by Debra M. Fox
we sit in lawn chairs
When the Rover “Curiosity” made an elegant landing on the Martian surface, he did not know. He did not know that the twentieth century’s last two decades were the hottest in four hundred years or that there has been an upsurge in extreme weather events. Closer to home, he did not know that his older brother, Alex, graduated from college, has a job as a reporter at the Pittsburgh Post-Gazette, and likely will not live at home again. He is fifteen years old, non-verbal, and severely autistic.
His mother experiences time differently, with him in the world. He continues to grow older, but unlike most people, his awareness of certain events does not grow keener. He hears the phone ring, but doesn’t make the connection that he can talk to people who are not in the same location as him. He is aware it is pouring rain outside but not that the cause is a devastating hurricane. He eats waffles and bacon on Sunday mornings, but doesn’t understand that bacon comes from a pig and that you have to kill the pig before you eat it. Cole, one of his cousins, was born when he was eleven, and even though Cole is a baby, and he can do things Cole can’t, such as walk, and eat solid foods, and ride a bike, it is only a matter of time before Cole will catch up and then exceed him. Put simply, he is not following a conventional time-line.
What do the following people have in common? Irv Zimmerman, Beatrice Bailis, and Gershon Fox. Like Cole and like Alex, they are all related to him. Irv Zimmeran was his grandfather. He was a neurophysiologist who looked like Jerry Garcia and taught medical students. Beatrice Bailis was his great-grandmother who cooked the best sweet and sour meatballs anywhere, and Gershon Fox was his great-grandfather who could sew a man a three-piece suit in an afternoon. What else did they have in common? They all died before he was born. They didn’t know they would have a grandson or great grandson who would never talk. They lived their entire lives in a sort of innocence (those are his mother’s words). And just as they would never know him, he can never understand their existence or their relationship to him, no more than he can know about Martian Rovers or cousins who will grow up and change and live lives he cannot know.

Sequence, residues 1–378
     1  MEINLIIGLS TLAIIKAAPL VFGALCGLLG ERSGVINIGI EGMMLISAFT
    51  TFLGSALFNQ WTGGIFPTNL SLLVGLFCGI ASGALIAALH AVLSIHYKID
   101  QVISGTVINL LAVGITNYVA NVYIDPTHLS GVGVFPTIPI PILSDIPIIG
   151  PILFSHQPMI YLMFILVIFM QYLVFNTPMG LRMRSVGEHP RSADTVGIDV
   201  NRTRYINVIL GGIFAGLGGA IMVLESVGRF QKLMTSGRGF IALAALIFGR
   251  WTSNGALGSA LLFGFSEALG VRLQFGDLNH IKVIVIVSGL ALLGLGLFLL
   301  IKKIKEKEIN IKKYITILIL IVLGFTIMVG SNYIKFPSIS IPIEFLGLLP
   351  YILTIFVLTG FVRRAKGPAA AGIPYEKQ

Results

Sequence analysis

There are moments, though, and this is where it gets confusing for his mother on an emotional level, when he appears perfectly normal to her. After dinner for the past three months, he has taken to listening to Mozart sonatas. He turns off the light in the living room and stretches out on the sofa, with his hands folded in his lap, and listens to an entire CD in one sitting. He doesn’t like when his parents try to move him along for bedtime. Listening to this music gives him extreme pleasure.
His mother tells his father that the sight of him stretched out in the dark, listening to music makes her think of Pinocchio and how much he wanted to be a “real” boy. She says she is fooled for moments into thinking that he is ordinary, just like any other boy his age. But scenes like this can as easily be flipped around. She has dreams where everybody else in the world is like him, and she is the only one like her. She still struggles to understand who he is.
There’s a poem, “Another Summer Begins,” by Mary Oliver:
…The white blossoms of the shad
because it is their time
in the thornbrush.
How did it come to be
that I am no longer young
and the world
that keeps time
in its own way
has just been born?
I don’t have the answers
and anyway I have become suspicious
of such questions…
His mother is suspicious of these questions too. For her there is a weird co-existence of his childhood leaving but all the trappings of innocence remaining. His breath no longer smells like cookies when he wakes up; he has hair under his arms; his cheeks are no longer smooth; his legs are growing hair all the way up and down, and they’re beginning to take the shape of his father’s. His fingernails aren’t soft, and they’re becoming square shaped like a man’s. When he utters sounds, his voice is deeper, and that’s unexpected, because he is not saying anything intelligible.
Like a baby who has not yet learned to speak, he makes rhythmical sounds like “na na na.” He is not self-conscious. He simply enjoys the sensory experience of vibrations in his throat, and the sound as it enters his ears, and the repetition satisfies him intensely. His mother thinks of birds that repeat song cycles, over and over, their throats warbling, their bodies relaxed. She sometimes wonders what it would be like if a flock of beings like him gathered into a space, like birds to a tree, and made their repetitive sounds, not all together, but more staggered, to form a multi-faceted whole. People who listened would feel like they were there, but not there, occupied, but not occupied. It’s a state that frees the mind.